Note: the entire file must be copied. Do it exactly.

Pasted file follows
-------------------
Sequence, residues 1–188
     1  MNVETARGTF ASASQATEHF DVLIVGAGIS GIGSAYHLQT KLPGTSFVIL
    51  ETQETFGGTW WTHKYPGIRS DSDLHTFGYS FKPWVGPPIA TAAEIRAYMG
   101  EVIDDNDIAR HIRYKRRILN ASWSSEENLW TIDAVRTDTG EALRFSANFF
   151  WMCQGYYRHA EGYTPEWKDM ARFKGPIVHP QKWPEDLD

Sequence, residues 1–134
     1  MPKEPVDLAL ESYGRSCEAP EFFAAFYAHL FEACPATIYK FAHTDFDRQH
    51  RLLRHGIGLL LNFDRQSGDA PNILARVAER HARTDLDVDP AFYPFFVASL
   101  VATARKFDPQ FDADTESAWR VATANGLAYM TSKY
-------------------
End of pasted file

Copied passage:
Sequence, residues 1–188
     1  MNVETARGTF ASASQATEHF DVLIVGAGIS GIGSAYHLQT KLPGTSFVIL
    51  ETQETFGGTW WTHKYPGIRS DSDLHTFGYS FKPWVGPPIA TAAEIRAYMG
   101  EVIDDNDIAR HIRYKRRILN ASWSSEENLW TIDAVRTDTG EALRFSANFF
   151  WMCQGYYRHA EGYTPEWKDM ARFKGPIVHP QKWPEDLD

Sequence, residues 1–134
     1  MPKEPVDLAL ESYGRSCEAP EFFAAFYAHL FEACPATIYK FAHTDFDRQH
    51  RLLRHGIGLL LNFDRQSGDA PNILARVAER HARTDLDVDP AFYPFFVASL
   101  VATARKFDPQ FDADTESAWR VATANGLAYM TSKY